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RFA, Growth Energy, ACE on stage together at FEW

By Holly Jessen | June 11, 2013

The leaders of the three ethanol industry associations, Growth Energy, the Renewable Fuels Association and the American Coalition for Ethanol, all came together on stage during the June 11 general session of the 29th Annual International Fuel Ethanol Workshop & Expo in St. Louis, Mo.

Bob Dinneen, president and CEO of RFA, Tom Buis, CEO of Growth Energy, and Brian Jennings, executive vice president of ACE, had a conversation with moderator Tom Bryan, president of BBI International, about the attacks on the renewable fuel standard (RFS), E15 and fighting back in the war against biofuels. One theme that emerged was the importance of engaging in the battle. Jennings pointed out that all three of the speakers on stage were registered lobbyists for the ethanol industry. Still, that’s not the only criteria for having a big impact. “The most valuable players aren’t on this stage, they are in this audience,” he said, adding that taking the time to visit Washington, D.C., and speak with lawmakers or their staffers is a very compelling way to get the message out.

Buis also encouraged members of the ethanol industry to engage with members of Congress. It’s not necessary to wait for an attack on ethanol to do that, he added, encouraging the industry to be proactive. “If we sit on the sidelines,” he said, “we know the outcome. We have to be engaged.”

The group also talked about why Big Oil is so focused on repealing the RFS. The oil industry has erected every regulatory, legal and public relations roadblock it could think of, Buis said, urging the ethanol industry to join the Fuels America Coalition as a way of supporting the fight to preserve the RFS. “You need to put your money where your mouth is,” he said.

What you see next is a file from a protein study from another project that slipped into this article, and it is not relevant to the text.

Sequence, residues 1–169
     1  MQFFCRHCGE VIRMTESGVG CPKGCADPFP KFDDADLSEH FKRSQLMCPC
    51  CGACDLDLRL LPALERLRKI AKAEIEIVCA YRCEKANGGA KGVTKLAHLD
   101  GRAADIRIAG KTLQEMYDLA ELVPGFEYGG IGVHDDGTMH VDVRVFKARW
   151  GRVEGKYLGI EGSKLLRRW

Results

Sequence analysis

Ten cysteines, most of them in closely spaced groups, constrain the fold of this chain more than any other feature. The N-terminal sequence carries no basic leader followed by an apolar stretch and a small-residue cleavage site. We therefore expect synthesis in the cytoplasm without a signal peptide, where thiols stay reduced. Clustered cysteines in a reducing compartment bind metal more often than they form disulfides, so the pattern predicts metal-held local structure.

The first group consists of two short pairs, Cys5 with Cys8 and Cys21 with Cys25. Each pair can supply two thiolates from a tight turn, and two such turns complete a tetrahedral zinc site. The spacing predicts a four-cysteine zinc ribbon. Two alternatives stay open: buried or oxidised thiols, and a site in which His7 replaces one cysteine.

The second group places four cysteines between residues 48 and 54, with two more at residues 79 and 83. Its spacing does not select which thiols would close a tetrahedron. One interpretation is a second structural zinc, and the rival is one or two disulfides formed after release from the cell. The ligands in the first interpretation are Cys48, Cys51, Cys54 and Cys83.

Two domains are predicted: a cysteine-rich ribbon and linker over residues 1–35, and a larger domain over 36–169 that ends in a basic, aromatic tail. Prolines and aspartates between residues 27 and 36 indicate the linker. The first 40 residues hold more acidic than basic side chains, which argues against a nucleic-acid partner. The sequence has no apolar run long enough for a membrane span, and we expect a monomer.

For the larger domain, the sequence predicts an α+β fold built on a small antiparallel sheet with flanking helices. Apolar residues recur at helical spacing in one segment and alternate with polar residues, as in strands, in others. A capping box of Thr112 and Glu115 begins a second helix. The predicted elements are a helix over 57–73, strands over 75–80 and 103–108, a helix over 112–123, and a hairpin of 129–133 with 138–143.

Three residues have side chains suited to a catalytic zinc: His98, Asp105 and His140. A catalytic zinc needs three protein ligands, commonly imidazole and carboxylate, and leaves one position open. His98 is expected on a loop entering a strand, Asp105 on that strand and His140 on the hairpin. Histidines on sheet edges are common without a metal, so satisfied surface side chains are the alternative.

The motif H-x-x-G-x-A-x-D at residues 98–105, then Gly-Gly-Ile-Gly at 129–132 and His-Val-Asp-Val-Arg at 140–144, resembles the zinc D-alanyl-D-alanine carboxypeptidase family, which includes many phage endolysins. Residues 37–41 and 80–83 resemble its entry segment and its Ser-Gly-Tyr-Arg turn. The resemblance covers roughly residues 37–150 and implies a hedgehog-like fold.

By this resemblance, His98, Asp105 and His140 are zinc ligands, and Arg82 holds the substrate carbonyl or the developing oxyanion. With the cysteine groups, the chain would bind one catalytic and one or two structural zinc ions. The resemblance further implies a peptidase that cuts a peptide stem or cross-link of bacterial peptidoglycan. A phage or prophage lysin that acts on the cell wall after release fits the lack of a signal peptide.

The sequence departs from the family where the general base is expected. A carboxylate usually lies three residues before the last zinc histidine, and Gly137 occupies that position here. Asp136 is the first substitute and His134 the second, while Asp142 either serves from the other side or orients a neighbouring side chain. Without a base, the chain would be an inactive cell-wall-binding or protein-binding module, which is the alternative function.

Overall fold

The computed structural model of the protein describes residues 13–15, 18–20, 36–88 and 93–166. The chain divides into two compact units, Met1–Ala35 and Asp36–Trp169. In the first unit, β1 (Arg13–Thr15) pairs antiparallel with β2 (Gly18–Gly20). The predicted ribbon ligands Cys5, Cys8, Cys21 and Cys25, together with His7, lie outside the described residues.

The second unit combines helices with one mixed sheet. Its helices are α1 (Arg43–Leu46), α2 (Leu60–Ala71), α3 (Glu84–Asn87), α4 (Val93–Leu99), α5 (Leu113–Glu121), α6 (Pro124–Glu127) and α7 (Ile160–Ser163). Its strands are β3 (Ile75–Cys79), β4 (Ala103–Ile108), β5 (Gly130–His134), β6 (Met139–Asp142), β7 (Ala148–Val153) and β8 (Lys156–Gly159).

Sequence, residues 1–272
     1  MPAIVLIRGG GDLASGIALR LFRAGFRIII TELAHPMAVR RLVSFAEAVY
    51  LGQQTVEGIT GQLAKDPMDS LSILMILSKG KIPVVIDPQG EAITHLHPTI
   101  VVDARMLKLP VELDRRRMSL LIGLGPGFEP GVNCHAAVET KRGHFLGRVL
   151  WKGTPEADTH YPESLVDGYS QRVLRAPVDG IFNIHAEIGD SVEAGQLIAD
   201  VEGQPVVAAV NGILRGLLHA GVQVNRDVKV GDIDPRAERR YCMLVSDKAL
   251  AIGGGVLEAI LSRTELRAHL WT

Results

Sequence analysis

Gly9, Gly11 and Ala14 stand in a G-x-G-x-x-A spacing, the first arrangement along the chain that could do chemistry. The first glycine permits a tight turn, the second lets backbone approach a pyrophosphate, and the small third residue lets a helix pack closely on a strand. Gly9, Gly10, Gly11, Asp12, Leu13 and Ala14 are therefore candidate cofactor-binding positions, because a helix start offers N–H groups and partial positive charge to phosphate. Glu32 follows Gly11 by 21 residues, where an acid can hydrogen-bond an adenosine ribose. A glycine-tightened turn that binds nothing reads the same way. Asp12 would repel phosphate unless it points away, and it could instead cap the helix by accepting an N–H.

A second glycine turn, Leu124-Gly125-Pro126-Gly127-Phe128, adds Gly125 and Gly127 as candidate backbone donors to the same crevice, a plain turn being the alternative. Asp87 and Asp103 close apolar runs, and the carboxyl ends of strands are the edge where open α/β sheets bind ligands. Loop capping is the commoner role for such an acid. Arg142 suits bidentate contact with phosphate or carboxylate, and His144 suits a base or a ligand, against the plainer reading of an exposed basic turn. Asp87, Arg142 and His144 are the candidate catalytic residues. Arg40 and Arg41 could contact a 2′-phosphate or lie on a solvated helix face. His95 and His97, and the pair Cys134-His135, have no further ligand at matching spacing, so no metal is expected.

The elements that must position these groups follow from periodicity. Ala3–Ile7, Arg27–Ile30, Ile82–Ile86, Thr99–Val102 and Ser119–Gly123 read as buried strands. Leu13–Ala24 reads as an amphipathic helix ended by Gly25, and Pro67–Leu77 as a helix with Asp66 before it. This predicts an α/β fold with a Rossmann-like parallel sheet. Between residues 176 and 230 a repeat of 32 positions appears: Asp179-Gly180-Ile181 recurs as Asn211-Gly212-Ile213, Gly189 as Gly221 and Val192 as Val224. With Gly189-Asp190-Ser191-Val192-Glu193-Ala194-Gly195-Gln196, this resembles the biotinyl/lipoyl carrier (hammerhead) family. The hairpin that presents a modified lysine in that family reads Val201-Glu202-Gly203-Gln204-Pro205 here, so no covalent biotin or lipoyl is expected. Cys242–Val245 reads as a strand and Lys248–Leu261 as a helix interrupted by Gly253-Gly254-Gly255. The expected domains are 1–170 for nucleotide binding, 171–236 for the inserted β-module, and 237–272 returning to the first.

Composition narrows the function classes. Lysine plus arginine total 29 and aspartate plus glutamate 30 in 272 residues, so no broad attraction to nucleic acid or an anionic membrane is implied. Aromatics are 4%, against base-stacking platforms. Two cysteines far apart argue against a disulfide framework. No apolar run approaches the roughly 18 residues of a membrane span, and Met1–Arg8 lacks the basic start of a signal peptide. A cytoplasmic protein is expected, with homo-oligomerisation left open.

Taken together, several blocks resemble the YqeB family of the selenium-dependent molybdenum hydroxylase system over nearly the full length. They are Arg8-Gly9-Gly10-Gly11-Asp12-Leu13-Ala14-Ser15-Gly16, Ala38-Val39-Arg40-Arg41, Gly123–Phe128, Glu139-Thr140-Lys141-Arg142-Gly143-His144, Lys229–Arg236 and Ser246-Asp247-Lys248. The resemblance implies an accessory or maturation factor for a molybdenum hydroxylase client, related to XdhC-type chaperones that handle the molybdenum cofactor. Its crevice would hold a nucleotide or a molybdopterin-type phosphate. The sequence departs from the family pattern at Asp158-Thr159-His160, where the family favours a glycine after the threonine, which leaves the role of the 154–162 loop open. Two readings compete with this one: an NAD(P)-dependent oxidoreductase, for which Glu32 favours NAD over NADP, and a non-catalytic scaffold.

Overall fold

It’s a battle for the barrel, Dinneen said. The petroleum industry sees what the ethanol industry sees—the advanced biofuels industry is on the cusp of commercial production. Big Oil has already lost 10 percent of its market share and doesn’t want that to ramp up to one-third of its market share, which is what will happen if the advanced biofuels industry is successful. “Really what they are fighting is cellulosic ethanol and advanced biofuels,” Dinneen said, adding that the oil industry doesn’t want the advanced biofuels industry to gain the foothold that the grain ethanol industry did.

The facts are on the side of the ethanol industry, Jennings said. What the oil companies forget is that the RFS was not enacted to make them more comfortable—it was enacted to disrupt the status quo.

The reality is that if consumers are going to get relief from fuel prices the fuel supply will have to be diversified, Dinneen said. Even with increased domestic production of oil the price per barrel is still high. “The only relief that consumers will ever have is domestic ethanol production,” he said.

The group also talked about the 10 percent blend wall as a piece of fiction manufactured by the oil industry. “The fact of the matter is, we can scale the blend wall,” Dinneen said, pointing to E15, E85 and other higher blends. Although Big Oil wants to blame the blend wall on the RFS it’s actually erected by the petroleum industry itself.

Jennings said he thought the industry needs to go on the offense, rather than the defense. He mentioned a congressional staff briefing held recently, during which a South Dakota retailer talked about the fact that E15 is his second-best selling fuel among straight gas, E10, E30 and E85. That retailer is making money selling E15 while also offering his customers a lower costing fuel. “That’s the story we need to be telling,” he said.

Bryan then asked the three speakers to give their prediction on where the industry would be, seven years from now. Buis predicted that, though the fight will be difficult, the industry will ultimately win. The future of the biofuels industry is exceedingly bright, he said, because the U.S. cannot drill or frack its way out of its dependence on foreign oil. “[Ethanol] is the only competition of any quantity to fossil fuel,” he said.

Jennings talked about three words, innovation, diversification and octane, as three factors that will help the industry win the fight.

Dinneen predicted that in seven years the industry will still be here, producing a lot of gallons of both grain-based ethanol and advanced biofuels. “I’m an ethanol lobbyist and a Red Sox fan. I think that makes me as big an optimist as I can be,” he said to laughter from the audience. “We will win this fight, we will not give up.”

 

 

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